Reviewed by Steven H Silver
Frederik Pohl lives only about fifteen miles away from me, which means I often see him at science fiction conventions. He is a soft-spoken man who is as much a fixture of those conventions as the dealer's room, the art show, or the panels at which he sits quietly, waiting for a chance to interject his incisive comments. This familiarity with Pohl means it is sometimes easy to forget what he has done in order to be named one of the Grandmasters of the SFWA. Fortunately, Platinum Pohl provides an excellent reminder of the scope of Pohl's writing.
It has been thirty years since The Best of Frederik Pohl was published, and although some of the stories from that volume are reprinted in Platinum Pohl, it is gratifying to see that Pohl has published so much more in the last thirty years that the new volume is not simply a reprint, although, of course, there is some overlap.
Pohl's satirical wit is on display in many of the stories, from his famous "The Merchants of Venus" to the extremely short "Creation Myths of the Recently Extinct," which takes a completely different look at Arthur C. Clarke's 2001: A Space Odyssey. However, while Pohl is known for his satire, his writing also has a dark, dystopian side, and this is also well represented in Platinum Pohl with stories like "Let the Ants Try" or "Spending a Day at the Lottery Fair."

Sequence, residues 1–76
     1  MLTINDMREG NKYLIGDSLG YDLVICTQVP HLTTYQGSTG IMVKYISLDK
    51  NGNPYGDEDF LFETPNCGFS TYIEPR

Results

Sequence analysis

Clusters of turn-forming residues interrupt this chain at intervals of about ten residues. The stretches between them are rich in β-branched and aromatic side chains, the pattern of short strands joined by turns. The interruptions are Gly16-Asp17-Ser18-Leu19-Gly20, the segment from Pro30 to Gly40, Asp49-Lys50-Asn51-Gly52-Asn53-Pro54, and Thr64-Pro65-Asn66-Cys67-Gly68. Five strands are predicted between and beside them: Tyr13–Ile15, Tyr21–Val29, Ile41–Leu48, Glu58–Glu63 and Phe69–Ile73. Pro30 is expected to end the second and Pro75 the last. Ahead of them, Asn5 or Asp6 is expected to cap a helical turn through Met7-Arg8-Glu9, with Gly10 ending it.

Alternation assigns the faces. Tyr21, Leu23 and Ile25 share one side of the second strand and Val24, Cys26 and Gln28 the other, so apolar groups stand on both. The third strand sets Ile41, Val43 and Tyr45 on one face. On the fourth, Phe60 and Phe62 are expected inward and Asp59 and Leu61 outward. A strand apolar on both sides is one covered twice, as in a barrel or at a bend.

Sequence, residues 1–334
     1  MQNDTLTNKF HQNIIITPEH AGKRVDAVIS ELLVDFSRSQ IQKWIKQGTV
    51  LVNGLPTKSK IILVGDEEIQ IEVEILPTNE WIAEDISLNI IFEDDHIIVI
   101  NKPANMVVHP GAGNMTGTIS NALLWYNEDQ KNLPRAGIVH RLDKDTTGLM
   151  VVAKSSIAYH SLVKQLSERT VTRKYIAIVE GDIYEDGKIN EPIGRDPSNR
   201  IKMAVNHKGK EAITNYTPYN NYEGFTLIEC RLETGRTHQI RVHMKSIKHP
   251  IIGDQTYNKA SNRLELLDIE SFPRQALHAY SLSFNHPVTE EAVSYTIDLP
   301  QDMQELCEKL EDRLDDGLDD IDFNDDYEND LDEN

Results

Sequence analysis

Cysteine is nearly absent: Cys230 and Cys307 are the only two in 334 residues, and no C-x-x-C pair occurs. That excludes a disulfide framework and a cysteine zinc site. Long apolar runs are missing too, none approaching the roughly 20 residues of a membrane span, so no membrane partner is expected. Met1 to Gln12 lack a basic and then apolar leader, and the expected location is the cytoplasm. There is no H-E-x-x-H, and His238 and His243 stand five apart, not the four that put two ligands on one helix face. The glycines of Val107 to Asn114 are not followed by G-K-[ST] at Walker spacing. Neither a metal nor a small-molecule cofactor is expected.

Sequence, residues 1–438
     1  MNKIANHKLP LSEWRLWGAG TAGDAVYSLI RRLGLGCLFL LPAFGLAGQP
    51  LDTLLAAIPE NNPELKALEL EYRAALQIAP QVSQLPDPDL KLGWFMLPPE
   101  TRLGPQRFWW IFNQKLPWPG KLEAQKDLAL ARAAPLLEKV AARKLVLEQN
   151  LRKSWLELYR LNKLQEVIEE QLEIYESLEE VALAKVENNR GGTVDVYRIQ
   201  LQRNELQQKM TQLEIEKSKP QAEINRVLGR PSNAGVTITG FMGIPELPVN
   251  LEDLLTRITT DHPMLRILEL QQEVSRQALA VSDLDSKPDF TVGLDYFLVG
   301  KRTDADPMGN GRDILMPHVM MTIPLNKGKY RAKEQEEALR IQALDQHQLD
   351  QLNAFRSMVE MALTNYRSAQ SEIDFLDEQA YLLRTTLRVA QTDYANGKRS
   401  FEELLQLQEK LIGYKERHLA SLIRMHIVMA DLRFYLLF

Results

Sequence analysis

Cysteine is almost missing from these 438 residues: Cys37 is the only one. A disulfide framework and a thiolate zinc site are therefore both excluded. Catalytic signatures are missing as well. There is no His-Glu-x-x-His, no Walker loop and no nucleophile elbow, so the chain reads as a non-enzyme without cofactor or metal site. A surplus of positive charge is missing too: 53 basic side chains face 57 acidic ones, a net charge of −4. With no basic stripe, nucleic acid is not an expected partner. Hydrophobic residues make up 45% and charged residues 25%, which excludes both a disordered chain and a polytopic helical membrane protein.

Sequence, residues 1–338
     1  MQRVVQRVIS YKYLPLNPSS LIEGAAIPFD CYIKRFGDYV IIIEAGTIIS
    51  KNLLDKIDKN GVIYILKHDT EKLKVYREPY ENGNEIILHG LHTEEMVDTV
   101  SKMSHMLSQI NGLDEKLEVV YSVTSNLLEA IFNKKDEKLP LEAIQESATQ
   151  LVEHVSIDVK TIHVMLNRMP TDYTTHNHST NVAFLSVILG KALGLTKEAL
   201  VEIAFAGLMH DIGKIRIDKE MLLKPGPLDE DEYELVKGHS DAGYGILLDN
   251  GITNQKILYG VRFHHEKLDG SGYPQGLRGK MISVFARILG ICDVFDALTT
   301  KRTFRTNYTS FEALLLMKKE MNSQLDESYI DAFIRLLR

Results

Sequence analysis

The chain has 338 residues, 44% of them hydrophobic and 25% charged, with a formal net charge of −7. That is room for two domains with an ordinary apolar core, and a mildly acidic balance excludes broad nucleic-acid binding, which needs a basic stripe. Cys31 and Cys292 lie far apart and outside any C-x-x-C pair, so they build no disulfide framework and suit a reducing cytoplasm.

Each story includes a brief introduction, apparently written, not by Pohl, but by the volume's editor, Jim Frenkel. While this doesn't give the introductions the personal insight Pohl would have been able to present, it does allow Frenkel to present a more critical and historical view of Pohl's stories. These introductions offer a nice addition to Pohl's own work, although they aren't necessary for the enjoyment of Pohl's writing.
The stories in Platinum Pohl are imaginative and though-provoking. Taken en masse, the stories show some of Pohl's development as a writer, however since the stories are picked to represent some of his best and are not arranged in any semblance of chronological order, the progression demonstrated is not as useful as it might be.
Platinum Pohl is not the definitive collection of Pohl's short fiction. For that, we'll have to wait until a publisher decides to do for Pohl what Haffner Press has been doing for Jack Williamson, North Atlantic Press for Theodore Sturgeon, or Citadel for Philip K. Dick, a series of volumes presenting all of Pohl's short fiction from his debut until the modern day.
|The Merchants of Venus||Criticality|
|The Things That Happen||Shaffery Among the Immortals|
|The High Test||The Day the Icicle Works Closed|
|My Lady Green Sleeves||Saucery|
|The Kindly Isle||The Gold at the Starbow's End|
|The Middle of Nowhere||Growing Up in Edge City|
|I Remember a Winter||The Knights of Arthur|
|The Greening of Bed-Stuy||Creation Myths of the Recently Extinct|
|To See Another Mountain||The Meeting (with C.M. Kornbluth)|
|The Mapmakers||Let the Ants Try|
|Spending a Day at the Lottery Fair||Speed Trap|
|The Celebrated No-Hit Inning||The Day the Martians Came|
|Some Joys Under the Star||Day Million|
|Servant of the People||The Mayor of Mare Tranq|
|Waiting for the Olympians||Fermi and Frost|
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